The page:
In your right hand - The ring, pinky and middle finger are curled around the bottom of the furthest short edge of the packet. The index, curled, is still maintaining pressure, and the thumb is on the opposite short edge. You should be able to bow the cards. You should also have the same grip in your left hand with the split packet.
Step 3: Time to weave.
Now that you have two identical packets, it’s time to weave them together. Turning both palms down, bring the edges gripped by the thumbs perpendicular to each other. Maintaining grip with the ring, middle and pinky of both hands - repeat the book riffling motion with both packets, similarly to step one. The index fingers are both curled, providing the necessary pressure to riffle.
The goal is to weave each card together, one on top of the other, in a 1-1 pattern from both packets. You may find that you drop the cards on the first attempt, however, with a solid and consistent grip from the supporting fingers, you should be able to weave the cards in midair.
Step 4: The main event!
Once weaved, and while maintaining grip from your other fingers, move the index fingers from the top of the packets to join the ring, middle and pinky fingers on the bottom. It should look like you’re holding a sandwich.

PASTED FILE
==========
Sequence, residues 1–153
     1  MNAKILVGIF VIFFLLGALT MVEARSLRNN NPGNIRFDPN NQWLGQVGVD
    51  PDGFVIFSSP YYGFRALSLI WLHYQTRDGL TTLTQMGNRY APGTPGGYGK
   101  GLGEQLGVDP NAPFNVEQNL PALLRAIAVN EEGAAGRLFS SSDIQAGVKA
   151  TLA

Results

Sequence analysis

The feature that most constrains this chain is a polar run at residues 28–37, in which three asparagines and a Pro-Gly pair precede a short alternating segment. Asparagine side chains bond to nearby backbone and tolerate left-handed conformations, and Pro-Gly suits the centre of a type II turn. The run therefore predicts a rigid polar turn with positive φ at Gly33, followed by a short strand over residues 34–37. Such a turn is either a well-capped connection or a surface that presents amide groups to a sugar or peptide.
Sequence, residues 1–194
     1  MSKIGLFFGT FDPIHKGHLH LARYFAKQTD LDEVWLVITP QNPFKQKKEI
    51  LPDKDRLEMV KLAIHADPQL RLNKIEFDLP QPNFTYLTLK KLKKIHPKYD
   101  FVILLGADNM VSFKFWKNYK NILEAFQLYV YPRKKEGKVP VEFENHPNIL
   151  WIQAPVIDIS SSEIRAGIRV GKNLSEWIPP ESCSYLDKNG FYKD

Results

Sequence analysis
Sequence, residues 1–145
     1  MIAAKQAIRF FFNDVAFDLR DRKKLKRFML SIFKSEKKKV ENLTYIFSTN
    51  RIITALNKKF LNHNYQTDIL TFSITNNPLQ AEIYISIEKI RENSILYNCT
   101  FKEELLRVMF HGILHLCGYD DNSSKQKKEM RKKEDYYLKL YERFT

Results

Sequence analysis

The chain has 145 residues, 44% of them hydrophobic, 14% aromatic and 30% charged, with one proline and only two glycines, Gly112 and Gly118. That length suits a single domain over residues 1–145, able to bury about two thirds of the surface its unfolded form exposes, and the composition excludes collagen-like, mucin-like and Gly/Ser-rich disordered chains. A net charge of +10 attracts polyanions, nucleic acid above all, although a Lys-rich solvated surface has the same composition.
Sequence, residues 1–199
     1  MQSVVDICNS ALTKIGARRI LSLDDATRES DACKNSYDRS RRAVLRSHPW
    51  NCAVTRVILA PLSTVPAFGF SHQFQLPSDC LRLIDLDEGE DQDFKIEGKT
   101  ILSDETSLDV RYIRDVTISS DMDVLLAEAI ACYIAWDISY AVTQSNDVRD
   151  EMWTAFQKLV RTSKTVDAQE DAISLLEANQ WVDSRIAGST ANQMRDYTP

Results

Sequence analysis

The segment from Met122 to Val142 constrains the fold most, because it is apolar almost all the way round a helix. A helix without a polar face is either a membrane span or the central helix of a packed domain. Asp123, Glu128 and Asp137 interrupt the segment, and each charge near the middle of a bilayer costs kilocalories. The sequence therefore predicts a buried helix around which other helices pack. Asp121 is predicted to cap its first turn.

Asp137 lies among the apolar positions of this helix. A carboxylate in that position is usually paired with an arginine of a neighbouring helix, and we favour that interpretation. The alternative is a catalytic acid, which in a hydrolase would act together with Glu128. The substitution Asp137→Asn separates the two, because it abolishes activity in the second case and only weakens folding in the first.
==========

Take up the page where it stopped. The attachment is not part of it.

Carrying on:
With the thumbs maintaining pressure where the top two cards are weaved on top of the deck, you can begin to bow the cards into an arch shape. You are now primed to allow gravity to weave the cards together in a cascading fashion.
While maintaining grip on the edges of the packets, and with the thumbs maintaining consistent pressure, release the index, middle, ring and pinky fingers of both hands - thus triggering the cascade.
There! The cards are now shuffled. While it is a finicky flourish to learn, with practice, this will feel natural and smooth.
THE HINDU SHUFFLE
This is probably the easiest of the lot and you’ll master it in no time. It’s similar to the swing cut, which we’re bigger fans of - you can learn that here.
Remember Elevated dealer’s grip? Yeah, well start there in your left hand. But adjust it slightly so that your pinky, ring and middle finger are slightly further to the far end of the deck. Do the same with your thumb. The index stays put. This allows more room to grip the packet in the next step.
Now, with your right thumb and middle finger, come to the bottom of the deck in the left hand and grip approximately half the deck - strip that packet out.
Allow the elevated packet to fall into the palm once the stripped packet has cleared.
Grip the top half of stripped packet with the thumb and middle fingers of the left hand. Repeat the strip motion from the last step and allow the second packet to fall into the palm, falling onto the original packet in the palm.
Repeat this cycle until you run out of cards, and then repeat the process again until you deem the cards to be sufficiently shuffled.
That’s it! Those are the 3 most common shuffling techniques in the world. And with a little bit of practice, you’re going to be able to master them and spare yourself the embarrassment of not knowing how to shuffle a deck when you play with your friends!
Of course, everyone needs a high quality deck to shuffle with. The better the quality, the easier it is to shuffle.